On Mon, Aug 25, 2008 at 2:59 PM, Giel van Schijndel <[EMAIL PROTECTED]> wrote:
>> No. But if the tracker doesn't email the list, please do so manually.
> NOTE: Setting up Trac to send a mail to the mailinglist for every
> *change* to a ticket (includes ticket creation) is trivial.

That is fine by me.

>> If the fix is a few lines, fine. If you have to rewrite a lot of code
>> (ie has a high chance of introducing new bugs), then post the patch
>> for review first.
> I'm afraid that this approach translates to "every non-bugfix &
> non-documentation change has to go through the patch tracker". This
> approach would result in flooding the patch tracker, effectively
> demotivating almost anyone (it would demotivate me) from even looking at
> it.

It won't be flooded if people close tickets when they are done with them.

> Also this would make incremental development (i.e. where change B
> depends on change A) nearly impossible (due to the minimum of 48 hrs
> wait time before committing if no one commented by then), thus it would
> actually promote "mega patches" which no one understands anymore (this
> due to the fact that Subversion is only capable of tracking a single
> change from "public" HEAD). git-svn could alleviate this somewhat, but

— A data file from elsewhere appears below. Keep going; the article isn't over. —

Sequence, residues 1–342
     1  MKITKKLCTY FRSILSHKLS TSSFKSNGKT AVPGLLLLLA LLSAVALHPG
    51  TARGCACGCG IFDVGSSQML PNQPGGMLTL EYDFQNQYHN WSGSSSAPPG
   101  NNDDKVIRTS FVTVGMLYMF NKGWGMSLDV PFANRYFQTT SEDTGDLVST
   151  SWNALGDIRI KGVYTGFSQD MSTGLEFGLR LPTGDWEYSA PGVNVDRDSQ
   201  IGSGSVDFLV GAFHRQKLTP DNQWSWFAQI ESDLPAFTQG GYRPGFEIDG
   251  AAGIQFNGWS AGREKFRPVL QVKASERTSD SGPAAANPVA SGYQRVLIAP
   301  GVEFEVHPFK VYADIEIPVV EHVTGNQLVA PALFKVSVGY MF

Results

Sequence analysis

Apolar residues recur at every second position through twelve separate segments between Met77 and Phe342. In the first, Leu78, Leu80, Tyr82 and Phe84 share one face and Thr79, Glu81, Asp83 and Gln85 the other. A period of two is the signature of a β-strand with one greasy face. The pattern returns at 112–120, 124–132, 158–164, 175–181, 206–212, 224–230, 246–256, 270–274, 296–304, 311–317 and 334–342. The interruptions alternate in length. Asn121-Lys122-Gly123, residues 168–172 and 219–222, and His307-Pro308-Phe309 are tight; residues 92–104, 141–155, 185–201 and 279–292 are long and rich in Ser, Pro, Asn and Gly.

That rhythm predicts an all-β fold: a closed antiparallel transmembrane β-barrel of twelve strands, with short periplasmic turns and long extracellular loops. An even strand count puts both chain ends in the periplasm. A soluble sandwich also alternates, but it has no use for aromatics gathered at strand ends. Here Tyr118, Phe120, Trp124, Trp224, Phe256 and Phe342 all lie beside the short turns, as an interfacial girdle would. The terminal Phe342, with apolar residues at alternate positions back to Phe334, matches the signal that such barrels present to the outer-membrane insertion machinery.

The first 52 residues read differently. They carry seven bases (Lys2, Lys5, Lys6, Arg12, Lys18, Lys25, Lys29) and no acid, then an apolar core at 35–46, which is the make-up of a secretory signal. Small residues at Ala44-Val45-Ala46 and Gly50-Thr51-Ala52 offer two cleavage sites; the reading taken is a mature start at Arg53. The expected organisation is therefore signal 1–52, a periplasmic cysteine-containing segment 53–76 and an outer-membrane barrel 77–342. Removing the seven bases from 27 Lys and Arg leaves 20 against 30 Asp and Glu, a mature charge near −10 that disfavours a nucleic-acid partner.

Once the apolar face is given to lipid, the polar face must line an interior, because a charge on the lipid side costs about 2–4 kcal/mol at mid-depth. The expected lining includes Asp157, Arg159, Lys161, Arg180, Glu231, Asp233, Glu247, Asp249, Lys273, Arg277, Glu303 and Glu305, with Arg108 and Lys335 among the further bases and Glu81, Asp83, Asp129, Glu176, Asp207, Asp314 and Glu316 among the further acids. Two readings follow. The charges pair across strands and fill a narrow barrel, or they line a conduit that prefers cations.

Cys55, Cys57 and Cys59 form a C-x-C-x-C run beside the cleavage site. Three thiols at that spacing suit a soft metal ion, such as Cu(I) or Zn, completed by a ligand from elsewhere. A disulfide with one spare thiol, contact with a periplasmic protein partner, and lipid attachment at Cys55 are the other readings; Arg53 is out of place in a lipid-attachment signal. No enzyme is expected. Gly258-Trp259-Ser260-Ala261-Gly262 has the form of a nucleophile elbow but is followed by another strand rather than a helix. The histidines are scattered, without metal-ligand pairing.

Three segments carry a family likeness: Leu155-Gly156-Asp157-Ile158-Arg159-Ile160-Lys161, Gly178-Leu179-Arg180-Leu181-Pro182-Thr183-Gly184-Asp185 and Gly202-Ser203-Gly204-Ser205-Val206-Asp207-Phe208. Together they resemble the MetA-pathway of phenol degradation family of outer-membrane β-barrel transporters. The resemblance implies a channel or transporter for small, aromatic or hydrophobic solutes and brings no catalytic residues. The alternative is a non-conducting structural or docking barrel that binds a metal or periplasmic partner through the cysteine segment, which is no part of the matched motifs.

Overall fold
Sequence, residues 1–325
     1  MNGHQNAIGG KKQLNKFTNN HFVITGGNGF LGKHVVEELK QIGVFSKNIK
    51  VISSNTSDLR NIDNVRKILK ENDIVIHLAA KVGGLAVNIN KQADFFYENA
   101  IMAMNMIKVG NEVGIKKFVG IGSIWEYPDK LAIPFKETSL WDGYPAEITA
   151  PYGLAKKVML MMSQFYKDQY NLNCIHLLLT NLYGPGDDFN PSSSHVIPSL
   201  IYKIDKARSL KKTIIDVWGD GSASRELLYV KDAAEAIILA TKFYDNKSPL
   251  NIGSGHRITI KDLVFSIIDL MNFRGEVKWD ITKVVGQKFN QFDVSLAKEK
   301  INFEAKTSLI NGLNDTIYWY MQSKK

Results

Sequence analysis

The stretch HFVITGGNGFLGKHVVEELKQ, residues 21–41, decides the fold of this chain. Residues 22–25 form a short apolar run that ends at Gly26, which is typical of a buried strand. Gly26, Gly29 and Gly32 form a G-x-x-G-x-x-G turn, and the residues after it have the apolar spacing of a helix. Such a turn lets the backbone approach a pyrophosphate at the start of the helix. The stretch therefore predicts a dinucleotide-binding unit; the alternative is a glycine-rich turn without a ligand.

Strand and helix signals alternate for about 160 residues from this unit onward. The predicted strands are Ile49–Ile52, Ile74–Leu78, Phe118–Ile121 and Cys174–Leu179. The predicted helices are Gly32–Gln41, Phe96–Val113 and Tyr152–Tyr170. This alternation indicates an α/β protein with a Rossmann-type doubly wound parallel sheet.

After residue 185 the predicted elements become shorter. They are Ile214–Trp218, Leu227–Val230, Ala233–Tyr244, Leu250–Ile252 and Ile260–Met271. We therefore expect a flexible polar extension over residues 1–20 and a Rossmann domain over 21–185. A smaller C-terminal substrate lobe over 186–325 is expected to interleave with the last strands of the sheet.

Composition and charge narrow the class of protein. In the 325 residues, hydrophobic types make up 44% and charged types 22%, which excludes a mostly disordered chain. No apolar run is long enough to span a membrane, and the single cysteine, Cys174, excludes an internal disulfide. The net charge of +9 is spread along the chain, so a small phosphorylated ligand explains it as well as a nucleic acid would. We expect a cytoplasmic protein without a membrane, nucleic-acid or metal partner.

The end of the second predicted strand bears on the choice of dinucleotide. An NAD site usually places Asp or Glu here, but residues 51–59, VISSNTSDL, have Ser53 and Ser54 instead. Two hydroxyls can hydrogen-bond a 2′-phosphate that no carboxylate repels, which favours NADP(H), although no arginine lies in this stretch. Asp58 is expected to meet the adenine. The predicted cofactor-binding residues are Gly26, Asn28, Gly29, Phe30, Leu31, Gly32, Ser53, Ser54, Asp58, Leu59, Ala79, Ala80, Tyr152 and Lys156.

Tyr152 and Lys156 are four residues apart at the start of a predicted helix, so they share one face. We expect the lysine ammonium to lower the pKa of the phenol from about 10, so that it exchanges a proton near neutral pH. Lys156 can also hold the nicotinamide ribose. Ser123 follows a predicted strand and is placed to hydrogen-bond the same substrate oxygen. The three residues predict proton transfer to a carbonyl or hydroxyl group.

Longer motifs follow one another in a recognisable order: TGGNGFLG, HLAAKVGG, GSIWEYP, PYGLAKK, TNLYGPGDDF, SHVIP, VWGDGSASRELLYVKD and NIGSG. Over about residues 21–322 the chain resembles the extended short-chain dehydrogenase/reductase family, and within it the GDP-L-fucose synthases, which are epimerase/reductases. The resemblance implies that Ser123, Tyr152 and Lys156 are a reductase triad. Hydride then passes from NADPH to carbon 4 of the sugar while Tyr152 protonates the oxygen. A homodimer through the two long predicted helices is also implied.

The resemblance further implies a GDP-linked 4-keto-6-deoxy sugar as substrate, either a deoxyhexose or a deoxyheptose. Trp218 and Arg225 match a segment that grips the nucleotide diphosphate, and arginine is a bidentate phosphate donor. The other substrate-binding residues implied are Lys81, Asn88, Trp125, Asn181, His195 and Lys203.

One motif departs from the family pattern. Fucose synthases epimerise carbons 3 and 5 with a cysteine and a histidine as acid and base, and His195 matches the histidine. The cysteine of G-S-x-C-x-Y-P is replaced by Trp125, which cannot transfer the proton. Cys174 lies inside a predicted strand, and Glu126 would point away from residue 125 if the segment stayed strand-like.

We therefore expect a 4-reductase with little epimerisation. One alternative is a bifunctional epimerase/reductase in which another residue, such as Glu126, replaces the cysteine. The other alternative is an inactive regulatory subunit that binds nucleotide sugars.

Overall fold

> only for changes that require no other changes than file modifications.

Shall we try this system for a little while before spelling doom and
gloom over it?

> Then regarding:
>> If a subsystem of the code has its own maintainer, that person is
>> free to make commits to this code without posting to the list first.
> I hope you don't mean this to translate to "subsystems are owned by
> their maintainers" ? As I think that code ownership is a *very*, *very*
> bad thing. This because it will demotivate people that are not the
> "owner" to touch that code, which would result in only the "owner"
> having real knowledge about how that code works.

Well, it works for the linux kernel, so I suppose it cannot be all that bad.

  - Per

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